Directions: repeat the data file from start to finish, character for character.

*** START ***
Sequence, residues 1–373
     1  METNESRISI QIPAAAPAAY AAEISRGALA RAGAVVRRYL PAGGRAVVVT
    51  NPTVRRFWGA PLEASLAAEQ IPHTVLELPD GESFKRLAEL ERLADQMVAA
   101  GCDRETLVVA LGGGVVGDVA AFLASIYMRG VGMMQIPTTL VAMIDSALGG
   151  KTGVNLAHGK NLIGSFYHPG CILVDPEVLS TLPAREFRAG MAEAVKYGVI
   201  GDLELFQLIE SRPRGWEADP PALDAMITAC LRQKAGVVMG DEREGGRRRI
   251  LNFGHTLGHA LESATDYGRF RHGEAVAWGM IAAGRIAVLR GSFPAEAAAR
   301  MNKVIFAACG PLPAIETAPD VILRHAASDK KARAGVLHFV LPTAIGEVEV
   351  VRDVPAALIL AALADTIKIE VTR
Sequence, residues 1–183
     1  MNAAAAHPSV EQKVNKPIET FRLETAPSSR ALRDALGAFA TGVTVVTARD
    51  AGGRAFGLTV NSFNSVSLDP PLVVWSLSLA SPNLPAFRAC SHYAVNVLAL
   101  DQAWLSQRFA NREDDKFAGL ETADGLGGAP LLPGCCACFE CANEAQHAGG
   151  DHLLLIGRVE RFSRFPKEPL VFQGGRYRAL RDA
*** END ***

Sequence, residues 1–373
     1  METNESRISI QIPAAAPAAY AAEISRGALA RAGAVVRRYL PAGGRAVVVT
    51  NPTVRRFWGA PLEASLAAEQ IPHTVLELPD GESFKRLAEL ERLADQMVAA
   101  GCDRETLVVA LGGGVVGDVA AFLASIYMRG VGMMQIPTTL VAMIDSALGG
   151  KTGVNLAHGK NLIGSFYHPG CILVDPEVLS TLPAREFRAG MAEAVKYGVI
   201  GDLELFQLIE SRPRGWEADP PALDAMITAC LRQKAGVVMG DEREGGRRRI
   251  LNFGHTLGHA LESATDYGRF RHGEAVAWGM IAAGRIAVLR GSFPAEAAAR
   301  MNKVIFAACG PLPAIETAPD VILRHAASDK KARAGVLHFV LPTAIGEVEV
   351  VRDVPAALIL AALADTIKIE VTR
Sequence, residues 1–183
     1  MNAAAAHPSV EQKVNKPIET FRLETAPSSR ALRDALGAFA TGVTVVTARD
    51  AGGRAFGLTV NSFNSVSLDP PLVVWSLSLA SPNLPAFRAC SHYAVNVLAL
   101  DQAWLSQRFA NREDDKFAGL ETADGLGGAP LLPGCCACFE CANEAQHAGG
   151  DHLLLIGRVE RFSRFPKEPL VFQGGRYRAL RDA